The Central Office of the High Court is where the vast majority of High Court civil cases begin. Unchanged for the most part since the foundation of the State, the office underwent extensive renovation work in 2002 resulting in a brighter more professional working environment although without taking from the sense of history. This major project included the transfer of the Judges' Library (formerly located on the first floor of this East wing of the building) to the second floor of Áras Uí Dhálaigh. The East Wing works included the construction of a second staircase at the end of the building nearest to the river required for health and safety reasons to facilitate the evacuation of the Wing in the event of an emergency. Also included was the re-wiring of the Wing to provide the power required for modern lighting and ICT systems.
The Central Office occupies the entire ground floor with most of the High Court registrars accommodated on the first floor. The remainder have offices on the second floor, with Court 29 and its jury room and associated judge's chamber having been remodelled to accommodate the new staircase. Staff and public bathrooms have been modernised and the lift has been brought up to current health and safety standards.
Considerable changes were also effected in the public access area. It has specially designed seating with an emphasis on providing a bright and comfortable waiting area which includes the public access computers. The Central Office Registrar and Manager have their offices in this section and the remainder of the staff have their desks in a closed section. the old counters at which customers sit while being dealt with have been replaced with one long curved counter made of mahogany and glass with a brass trim. The workstations at this counter have flat-screen monitors to maximise the space available for the public. The List Room is now on the first floor, close to the Registrars' Offices, and easily accessible to the public.
The Law Library
The Law Library is located on the ground floor of the Four Courts just behind the Supreme Court. It provides changing and dining facilities for barristers in addition to its primary function as a library. It has undergone many changes from James Gandon's original plans and even since the renovation work of 1897. In his plans for the building, James Gandon placed the 'robing' room for barristers underneath the Round Hall. This area proved to be uncomfortable as the cavern like location had a tendency to flood and consequently become dank and unwelcoming.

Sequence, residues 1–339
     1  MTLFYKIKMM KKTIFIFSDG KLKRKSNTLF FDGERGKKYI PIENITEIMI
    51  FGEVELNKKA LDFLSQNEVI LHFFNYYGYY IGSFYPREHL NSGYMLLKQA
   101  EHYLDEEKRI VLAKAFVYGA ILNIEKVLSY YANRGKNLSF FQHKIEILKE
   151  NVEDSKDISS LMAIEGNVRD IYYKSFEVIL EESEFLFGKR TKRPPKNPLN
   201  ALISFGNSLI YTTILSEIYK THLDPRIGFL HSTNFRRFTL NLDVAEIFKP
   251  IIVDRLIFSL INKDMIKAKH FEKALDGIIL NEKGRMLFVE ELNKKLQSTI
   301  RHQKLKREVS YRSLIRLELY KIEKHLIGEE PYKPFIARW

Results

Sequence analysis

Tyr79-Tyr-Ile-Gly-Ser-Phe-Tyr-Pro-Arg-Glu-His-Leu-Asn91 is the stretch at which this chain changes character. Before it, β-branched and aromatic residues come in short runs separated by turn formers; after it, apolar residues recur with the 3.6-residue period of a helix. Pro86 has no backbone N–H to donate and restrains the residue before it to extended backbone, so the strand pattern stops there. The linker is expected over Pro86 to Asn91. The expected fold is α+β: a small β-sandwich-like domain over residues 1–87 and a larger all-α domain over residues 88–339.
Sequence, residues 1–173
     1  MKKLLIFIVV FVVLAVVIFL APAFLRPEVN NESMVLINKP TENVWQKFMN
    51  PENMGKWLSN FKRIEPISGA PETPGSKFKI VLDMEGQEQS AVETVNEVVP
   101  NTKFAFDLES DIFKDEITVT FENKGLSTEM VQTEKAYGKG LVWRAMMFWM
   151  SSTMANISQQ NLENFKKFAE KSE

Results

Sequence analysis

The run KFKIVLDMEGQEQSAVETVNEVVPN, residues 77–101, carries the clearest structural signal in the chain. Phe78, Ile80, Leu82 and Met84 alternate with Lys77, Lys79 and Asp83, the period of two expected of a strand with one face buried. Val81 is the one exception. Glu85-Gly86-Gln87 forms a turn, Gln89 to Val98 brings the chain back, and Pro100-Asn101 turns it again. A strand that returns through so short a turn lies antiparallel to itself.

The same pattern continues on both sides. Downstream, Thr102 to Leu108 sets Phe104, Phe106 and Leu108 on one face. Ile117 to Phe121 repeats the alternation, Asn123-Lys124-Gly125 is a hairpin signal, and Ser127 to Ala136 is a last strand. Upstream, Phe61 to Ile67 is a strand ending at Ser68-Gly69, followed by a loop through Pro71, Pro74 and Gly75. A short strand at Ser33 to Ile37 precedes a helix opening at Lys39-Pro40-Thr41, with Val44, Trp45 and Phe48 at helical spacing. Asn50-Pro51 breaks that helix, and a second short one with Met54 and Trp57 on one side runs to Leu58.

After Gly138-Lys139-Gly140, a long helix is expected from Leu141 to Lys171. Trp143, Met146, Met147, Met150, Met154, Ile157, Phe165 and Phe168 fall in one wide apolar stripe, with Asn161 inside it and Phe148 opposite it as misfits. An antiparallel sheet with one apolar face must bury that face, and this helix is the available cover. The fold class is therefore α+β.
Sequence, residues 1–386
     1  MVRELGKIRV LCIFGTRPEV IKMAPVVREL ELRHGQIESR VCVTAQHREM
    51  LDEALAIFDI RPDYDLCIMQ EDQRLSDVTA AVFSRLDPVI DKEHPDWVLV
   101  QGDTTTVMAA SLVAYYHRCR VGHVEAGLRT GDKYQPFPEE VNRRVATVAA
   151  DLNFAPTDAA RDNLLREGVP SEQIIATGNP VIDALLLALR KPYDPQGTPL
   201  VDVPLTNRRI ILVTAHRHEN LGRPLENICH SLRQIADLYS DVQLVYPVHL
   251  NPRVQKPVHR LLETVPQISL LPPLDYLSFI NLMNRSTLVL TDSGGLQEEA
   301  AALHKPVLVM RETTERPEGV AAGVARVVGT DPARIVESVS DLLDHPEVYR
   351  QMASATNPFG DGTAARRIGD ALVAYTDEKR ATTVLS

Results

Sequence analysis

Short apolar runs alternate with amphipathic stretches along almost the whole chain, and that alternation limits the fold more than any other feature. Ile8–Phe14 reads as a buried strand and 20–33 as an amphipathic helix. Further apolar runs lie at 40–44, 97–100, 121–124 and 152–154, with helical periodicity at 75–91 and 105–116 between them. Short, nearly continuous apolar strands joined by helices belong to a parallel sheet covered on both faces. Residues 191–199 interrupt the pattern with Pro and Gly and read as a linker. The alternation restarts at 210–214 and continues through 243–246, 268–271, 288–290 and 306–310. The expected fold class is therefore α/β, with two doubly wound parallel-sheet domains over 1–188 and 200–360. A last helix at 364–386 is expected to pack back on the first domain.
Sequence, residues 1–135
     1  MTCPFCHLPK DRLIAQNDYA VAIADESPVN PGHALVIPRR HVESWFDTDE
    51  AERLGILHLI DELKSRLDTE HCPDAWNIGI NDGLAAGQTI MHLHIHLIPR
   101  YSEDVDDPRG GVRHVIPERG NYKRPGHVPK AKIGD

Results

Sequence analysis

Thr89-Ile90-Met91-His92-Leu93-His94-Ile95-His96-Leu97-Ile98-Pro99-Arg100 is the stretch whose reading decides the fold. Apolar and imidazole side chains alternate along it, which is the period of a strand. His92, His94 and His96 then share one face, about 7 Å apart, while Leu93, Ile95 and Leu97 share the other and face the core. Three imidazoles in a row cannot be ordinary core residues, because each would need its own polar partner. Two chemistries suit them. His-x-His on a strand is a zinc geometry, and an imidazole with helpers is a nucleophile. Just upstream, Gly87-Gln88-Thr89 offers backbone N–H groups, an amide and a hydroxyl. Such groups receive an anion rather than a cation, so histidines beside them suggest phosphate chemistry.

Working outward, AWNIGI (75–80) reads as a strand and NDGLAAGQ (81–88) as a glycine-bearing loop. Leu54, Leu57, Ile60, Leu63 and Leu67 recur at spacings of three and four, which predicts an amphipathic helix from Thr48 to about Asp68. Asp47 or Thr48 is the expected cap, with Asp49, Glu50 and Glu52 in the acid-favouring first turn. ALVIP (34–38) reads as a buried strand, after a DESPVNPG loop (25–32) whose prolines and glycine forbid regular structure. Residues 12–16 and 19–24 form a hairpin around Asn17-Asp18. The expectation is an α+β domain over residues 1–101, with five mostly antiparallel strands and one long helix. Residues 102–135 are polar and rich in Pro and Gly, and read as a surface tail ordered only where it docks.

The Law Library in the original building was located above the Round Hall of the Four Courts. With the introduction of the Four Courts Library Act in 1894, funds were made available to facilitate a library in the east wing (as the 'wings' of Four Courts complex were completed in 1803). This library comprises the two upper floors of this wing. Among the impressive features of this 'new' library were two staircases and three large stained glass windows. The layout ofthe library was similar to the present day library with long desks and a centre aisle but located between large columns. The collegiate atmosphere of this library was enhanced by the addition of open fireplaces.
As a result of the bombardment of the building in 1922, Dublin Castle became a temporary home for the library. Prior to its relocation by the Bar, the present location of the Law Library was used by the Incorporated Law Society as both a dining hall and theatre on different floors. Interestingly the west side of this block is the bar side and the east side that of the Incorporated Law Society.